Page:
There’s a growing consensus that consumers require limits on the predictive modeling that is done about them. That’s a theme of the Obama Administration’s recent work on consumer data privacy; it’s central to other countries’ data retention regulations; and it’s specifically borne out by the recent Target-pursues-pregnant-women example. Whatever happens legally, I believe this also calls for a technical response, namely:
Consumers should be shown key factual and psychographic aspects of how they are modeled, and be given the chance to insist that marketers disregard any or all of those aspects.
I further believe that the resulting technology should be extended so that
information holders can collaborate by exchanging estimates for such key factors, rather than exchanging the underlying data itself.
To some extent this happens today, for example with attribution/de-anonymization or with credit scores; but I think it should be taken to another level of granularity.
My name for all this is translucent modeling, rather than “transparent”, the idea being that key points must be visible, but the finer details can be safely obscured.
Examples of dialog I think marketers should have with consumers include:
- “We know you love chocolate.” “Please stop reminding me; I’m on a diet.”
- “We think you’re pregnant.” “Actually, I had a miscarriage.”
- “We think you have an elder-care issue.” “She died.”
- “We think you’re medium-affluent.” “That was before I lost my job.”
- “We think you like bargains.” “Actually, I’d like to buy some nice stuff.”
- “We think you like science fiction movies.” “I’d like to try something new.”
- “We think you like science fiction movies.” “Those were gifts for somebody who’s no longer in my life.”
and above all
- “We think you are pregnant/like chocolate/are caring for an elderly female relative/like science fiction movies.” “That’s none of your business!”
Some of these possibilities are essential to marketer/consumer trust. Others are just nice-to-haves, benefitting marketer and consumer alike. All — and many more like them — should be simple and routine to conduct.
There are commercial precedents to what I’m suggesting. Regulators demand high degrees of transparency from consumer financial services companies, who build their final models accordingly.* I say “final” model because sometimes they build “ideal” models using all available factors, then hold those up as a standard against which their regulation-safe production models are compared. And many simple models, including those used in academic research, are expected to be laid out for readers in full detail.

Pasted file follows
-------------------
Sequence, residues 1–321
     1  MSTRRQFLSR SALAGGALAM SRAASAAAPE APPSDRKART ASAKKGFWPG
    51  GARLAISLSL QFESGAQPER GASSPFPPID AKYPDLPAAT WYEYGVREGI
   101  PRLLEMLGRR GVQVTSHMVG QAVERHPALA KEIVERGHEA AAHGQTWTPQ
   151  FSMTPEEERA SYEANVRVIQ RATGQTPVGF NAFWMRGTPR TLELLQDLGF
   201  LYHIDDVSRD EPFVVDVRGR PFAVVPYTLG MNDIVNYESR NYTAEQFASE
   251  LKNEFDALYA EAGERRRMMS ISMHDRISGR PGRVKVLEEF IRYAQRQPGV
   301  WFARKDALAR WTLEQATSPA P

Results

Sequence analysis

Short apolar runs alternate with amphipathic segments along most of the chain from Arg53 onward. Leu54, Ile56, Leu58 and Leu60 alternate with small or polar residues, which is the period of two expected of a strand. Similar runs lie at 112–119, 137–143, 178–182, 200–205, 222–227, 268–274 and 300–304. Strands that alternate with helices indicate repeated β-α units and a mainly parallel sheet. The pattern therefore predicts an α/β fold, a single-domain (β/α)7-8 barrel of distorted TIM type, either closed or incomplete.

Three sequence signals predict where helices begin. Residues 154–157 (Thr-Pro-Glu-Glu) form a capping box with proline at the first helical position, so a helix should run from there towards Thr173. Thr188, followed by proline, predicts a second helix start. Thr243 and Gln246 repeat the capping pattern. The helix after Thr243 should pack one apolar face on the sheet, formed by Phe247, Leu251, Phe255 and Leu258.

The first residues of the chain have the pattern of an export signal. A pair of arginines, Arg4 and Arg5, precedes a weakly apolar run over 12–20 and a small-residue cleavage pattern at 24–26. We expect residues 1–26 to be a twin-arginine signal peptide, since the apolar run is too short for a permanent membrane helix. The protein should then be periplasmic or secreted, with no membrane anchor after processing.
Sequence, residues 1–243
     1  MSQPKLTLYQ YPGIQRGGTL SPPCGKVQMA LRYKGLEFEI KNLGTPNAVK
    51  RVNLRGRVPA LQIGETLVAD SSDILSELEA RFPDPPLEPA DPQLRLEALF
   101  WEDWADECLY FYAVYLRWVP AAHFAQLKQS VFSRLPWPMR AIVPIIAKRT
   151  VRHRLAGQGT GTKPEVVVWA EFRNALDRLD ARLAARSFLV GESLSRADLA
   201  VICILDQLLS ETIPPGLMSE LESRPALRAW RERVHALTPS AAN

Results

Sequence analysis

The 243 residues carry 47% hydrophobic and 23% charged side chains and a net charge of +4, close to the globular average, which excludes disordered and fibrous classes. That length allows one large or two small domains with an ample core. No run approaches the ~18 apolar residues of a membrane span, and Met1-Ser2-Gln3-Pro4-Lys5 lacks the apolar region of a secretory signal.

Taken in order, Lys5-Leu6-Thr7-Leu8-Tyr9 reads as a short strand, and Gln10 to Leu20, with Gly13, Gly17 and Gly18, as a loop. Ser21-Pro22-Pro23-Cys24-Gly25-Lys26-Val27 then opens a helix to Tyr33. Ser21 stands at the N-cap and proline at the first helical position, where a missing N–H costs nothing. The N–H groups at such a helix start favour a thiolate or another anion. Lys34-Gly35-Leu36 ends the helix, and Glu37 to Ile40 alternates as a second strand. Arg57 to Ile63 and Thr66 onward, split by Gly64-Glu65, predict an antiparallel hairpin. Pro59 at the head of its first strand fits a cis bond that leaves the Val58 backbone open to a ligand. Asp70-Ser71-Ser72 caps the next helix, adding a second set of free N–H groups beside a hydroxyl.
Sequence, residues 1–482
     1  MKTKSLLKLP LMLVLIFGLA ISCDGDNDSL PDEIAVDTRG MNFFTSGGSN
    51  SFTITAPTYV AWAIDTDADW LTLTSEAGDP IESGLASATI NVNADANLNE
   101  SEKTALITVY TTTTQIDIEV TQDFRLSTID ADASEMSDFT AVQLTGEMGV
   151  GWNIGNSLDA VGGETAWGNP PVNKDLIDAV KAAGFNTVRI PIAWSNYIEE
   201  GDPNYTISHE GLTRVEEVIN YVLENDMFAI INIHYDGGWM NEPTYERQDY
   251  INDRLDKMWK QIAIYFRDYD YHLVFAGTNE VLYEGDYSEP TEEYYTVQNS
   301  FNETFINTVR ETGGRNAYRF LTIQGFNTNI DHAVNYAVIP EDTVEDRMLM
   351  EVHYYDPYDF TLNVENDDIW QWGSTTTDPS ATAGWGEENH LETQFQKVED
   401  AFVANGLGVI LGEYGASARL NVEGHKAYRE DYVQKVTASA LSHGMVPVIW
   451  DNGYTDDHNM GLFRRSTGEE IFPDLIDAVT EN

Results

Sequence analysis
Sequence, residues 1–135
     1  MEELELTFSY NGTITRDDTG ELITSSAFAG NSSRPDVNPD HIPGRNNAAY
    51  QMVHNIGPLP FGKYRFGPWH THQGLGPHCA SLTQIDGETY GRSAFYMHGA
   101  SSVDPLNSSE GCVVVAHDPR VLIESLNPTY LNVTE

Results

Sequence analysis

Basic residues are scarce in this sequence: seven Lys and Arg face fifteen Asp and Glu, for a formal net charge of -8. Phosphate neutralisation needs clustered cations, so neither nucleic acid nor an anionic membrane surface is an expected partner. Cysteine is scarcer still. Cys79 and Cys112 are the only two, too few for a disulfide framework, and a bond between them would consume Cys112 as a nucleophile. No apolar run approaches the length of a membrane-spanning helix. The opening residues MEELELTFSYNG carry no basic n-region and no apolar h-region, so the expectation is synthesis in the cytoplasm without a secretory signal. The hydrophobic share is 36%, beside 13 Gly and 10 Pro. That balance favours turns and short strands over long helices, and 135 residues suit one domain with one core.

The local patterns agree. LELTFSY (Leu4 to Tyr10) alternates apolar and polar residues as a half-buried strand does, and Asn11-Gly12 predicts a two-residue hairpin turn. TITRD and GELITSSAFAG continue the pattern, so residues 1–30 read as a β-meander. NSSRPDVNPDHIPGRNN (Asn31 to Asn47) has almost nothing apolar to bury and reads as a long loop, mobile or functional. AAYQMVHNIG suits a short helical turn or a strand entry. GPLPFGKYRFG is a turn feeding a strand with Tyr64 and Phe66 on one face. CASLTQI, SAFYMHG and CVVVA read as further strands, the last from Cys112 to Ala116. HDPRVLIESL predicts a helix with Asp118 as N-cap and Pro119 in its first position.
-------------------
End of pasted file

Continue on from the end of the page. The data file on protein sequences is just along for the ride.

*Of course, given the credit bubble, it’s not obvious that the models actually work very well.
One thing that should make this idea workable is that it need not go to ridiculous extremes. Maybe a consumer doesn’t want his race taken into account; but if he likes 15 hip-hop artists from Atlanta, it should still be OK to recommend a 16th. Similarly, it’s not important if ALL factors used to differentiate among consumers are disclosed; rather, you need to check enough assumptions to avoid giving too much annoyance or offense. And when it comes to anti-fraud and so on, some of what you measure will be wholly hush-hush.
So far, what I’ve emphasized is how to avert consumer and regulatory backlash. But the idea has positive, breaking-new-ground aspects as well. Envision, for each consumer, a giant matrix. The columns are a variety (perhaps hundreds or thousands) of potential demographic and psychographic facts or scores. The rows are sources of scores, with Row 1 being the consumer herself. Cells contain scores, and perhaps a little other metadata such as confidence or recency. Further imagine a reasonable permission regime for exchanging that information.
I think what you’re imagining is the future of internet marketing.
- This is what I was getting at when I mentioned a Profile of Revealed Preferences.